Rohit Chaudhri on A Programmable Accessory for Cell Phones

This talk has been cancelled. We will still be meeting, so bring your lunch, and we’ll have a discussion about all the exciting things Change might be up to next
quarter.

This Thursday at Change, UW grad student Rohit Chaudhri will presenting his work on A Programmable Accessory for Cell Phones.

Rohit says, “Low-tier cell phones like the Nokia 1100, 1200, 2600 etc, are commonly used by individuals from low-income groups in developing regions. While these phones are cheap and affordable (within the $20-$30 range), they do not have a programmable runtime environment like Android, J2ME, Symbian, Windows Mobile etc, as is available on mid to high tier mobile phones. Hence mobile application developers are unable to create applications for these phones. This restricts the services that can be delivered to users of such phones. In this talk I will present an approach to extend the capabilities of low-tier cell phones. This uses a microcontroller-based accessory connected to the phone to achieve the goal. The idea is to use the cell phone for IO and communications, while application specific computation is offloaded to the microcontroller. I will present the high-level architecture of the system and then discuss implementation and platform capabilities. I will show a location aware application based on this platform. Towards the end I will discuss other possible applications. If folks have ideas about how this platform can be used for ICTD research, it would be great to discuss those during the talk.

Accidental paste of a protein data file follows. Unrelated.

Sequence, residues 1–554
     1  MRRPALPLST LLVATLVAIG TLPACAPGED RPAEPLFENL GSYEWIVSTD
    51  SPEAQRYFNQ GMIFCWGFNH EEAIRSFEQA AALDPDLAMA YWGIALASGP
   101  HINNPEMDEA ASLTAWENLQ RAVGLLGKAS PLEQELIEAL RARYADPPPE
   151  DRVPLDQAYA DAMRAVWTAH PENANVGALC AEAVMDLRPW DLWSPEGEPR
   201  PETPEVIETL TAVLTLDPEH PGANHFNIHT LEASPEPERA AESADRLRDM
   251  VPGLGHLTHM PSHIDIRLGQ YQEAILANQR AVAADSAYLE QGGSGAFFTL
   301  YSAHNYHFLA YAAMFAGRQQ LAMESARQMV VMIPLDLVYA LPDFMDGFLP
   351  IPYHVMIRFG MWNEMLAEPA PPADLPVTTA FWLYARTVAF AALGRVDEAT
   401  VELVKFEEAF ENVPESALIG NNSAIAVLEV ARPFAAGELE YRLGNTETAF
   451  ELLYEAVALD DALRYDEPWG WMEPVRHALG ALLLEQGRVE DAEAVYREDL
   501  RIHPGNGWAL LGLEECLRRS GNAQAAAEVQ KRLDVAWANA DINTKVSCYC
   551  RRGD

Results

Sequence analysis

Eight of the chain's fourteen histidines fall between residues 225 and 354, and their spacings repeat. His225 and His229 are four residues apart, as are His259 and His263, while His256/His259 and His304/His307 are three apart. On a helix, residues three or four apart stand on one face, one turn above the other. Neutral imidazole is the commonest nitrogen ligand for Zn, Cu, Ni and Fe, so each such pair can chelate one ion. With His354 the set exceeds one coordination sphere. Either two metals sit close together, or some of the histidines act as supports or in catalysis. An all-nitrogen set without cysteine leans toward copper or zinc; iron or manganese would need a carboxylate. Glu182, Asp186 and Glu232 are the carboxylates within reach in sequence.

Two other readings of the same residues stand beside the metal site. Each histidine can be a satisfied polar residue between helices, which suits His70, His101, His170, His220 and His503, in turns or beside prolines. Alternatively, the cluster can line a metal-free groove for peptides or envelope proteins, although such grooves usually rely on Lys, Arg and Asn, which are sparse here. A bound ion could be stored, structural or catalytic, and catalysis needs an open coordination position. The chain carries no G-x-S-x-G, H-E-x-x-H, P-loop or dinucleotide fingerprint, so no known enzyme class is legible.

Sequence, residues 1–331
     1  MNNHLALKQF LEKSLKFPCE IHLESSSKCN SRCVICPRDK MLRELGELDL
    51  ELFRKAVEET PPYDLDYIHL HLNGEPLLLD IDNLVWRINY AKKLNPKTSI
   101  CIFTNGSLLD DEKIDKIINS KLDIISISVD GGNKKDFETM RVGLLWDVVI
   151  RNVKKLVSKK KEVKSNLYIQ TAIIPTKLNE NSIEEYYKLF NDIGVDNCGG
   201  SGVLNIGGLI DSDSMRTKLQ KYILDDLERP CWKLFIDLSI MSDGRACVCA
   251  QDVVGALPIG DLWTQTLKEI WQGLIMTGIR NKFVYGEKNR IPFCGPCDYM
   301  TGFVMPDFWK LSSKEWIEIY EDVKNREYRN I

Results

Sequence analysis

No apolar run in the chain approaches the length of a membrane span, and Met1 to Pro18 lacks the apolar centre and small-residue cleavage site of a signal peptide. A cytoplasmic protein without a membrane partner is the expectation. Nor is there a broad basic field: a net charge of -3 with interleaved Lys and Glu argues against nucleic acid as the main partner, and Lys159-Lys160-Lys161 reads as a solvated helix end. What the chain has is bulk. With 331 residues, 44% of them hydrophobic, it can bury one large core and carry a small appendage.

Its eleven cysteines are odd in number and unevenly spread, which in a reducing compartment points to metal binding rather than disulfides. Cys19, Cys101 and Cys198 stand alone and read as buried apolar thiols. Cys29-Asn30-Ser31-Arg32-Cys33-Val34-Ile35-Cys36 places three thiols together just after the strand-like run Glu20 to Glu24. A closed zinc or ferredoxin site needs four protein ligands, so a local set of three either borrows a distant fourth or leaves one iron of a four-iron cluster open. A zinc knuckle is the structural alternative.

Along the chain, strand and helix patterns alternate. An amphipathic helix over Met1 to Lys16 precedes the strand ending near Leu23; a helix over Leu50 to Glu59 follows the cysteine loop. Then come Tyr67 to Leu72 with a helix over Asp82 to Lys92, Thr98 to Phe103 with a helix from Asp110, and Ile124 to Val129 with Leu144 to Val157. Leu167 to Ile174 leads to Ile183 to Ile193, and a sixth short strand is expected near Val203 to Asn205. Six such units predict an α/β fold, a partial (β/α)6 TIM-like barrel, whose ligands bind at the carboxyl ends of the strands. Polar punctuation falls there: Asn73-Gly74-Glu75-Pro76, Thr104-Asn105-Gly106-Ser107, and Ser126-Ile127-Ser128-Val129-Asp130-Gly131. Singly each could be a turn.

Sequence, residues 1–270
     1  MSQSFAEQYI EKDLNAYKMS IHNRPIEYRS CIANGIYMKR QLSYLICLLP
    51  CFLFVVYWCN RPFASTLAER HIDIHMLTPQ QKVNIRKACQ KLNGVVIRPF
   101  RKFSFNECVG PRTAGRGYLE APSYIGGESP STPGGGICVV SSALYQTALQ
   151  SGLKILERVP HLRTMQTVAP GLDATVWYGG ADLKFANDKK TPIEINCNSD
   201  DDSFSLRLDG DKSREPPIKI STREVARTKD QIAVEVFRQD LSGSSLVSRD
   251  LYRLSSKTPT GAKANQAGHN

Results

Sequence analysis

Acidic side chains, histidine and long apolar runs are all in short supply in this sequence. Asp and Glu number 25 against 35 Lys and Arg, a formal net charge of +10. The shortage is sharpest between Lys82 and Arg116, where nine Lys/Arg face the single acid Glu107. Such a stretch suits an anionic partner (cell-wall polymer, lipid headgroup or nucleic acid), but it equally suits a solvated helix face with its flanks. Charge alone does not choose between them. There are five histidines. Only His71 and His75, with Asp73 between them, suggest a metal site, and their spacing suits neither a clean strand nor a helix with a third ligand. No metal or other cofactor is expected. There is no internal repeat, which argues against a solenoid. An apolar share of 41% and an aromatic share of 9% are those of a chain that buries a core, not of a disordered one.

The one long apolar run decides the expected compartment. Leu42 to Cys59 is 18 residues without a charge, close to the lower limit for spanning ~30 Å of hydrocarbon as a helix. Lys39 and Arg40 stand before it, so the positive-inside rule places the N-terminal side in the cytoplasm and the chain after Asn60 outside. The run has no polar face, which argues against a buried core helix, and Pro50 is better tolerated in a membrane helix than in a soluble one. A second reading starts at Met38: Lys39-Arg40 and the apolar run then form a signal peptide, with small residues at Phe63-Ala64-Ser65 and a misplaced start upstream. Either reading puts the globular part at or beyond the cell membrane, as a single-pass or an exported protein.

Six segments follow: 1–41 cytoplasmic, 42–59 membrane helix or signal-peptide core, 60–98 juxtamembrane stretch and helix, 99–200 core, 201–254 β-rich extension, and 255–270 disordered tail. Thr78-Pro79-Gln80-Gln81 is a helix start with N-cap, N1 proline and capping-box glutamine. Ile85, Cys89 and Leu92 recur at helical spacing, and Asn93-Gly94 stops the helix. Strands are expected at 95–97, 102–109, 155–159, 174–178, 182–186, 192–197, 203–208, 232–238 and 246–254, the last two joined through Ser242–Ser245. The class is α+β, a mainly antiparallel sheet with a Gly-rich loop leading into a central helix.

I built this platform during my recent internship at MSR India in Bangalore. In prototype scale production, a completely assembled unit costs around $15. A tech report about this work is available at: http://research.microsoft.com/apps/pubs/?id=117754.

If time permits I will mention about other fun projects I was involved in during this awesome internship!”

What: Rohit Chaudhri on A Programmable Accessory for Cell Phones
When: Thursday, February 4 at Noon
Where: UW, Paul Allen Center, Room 203

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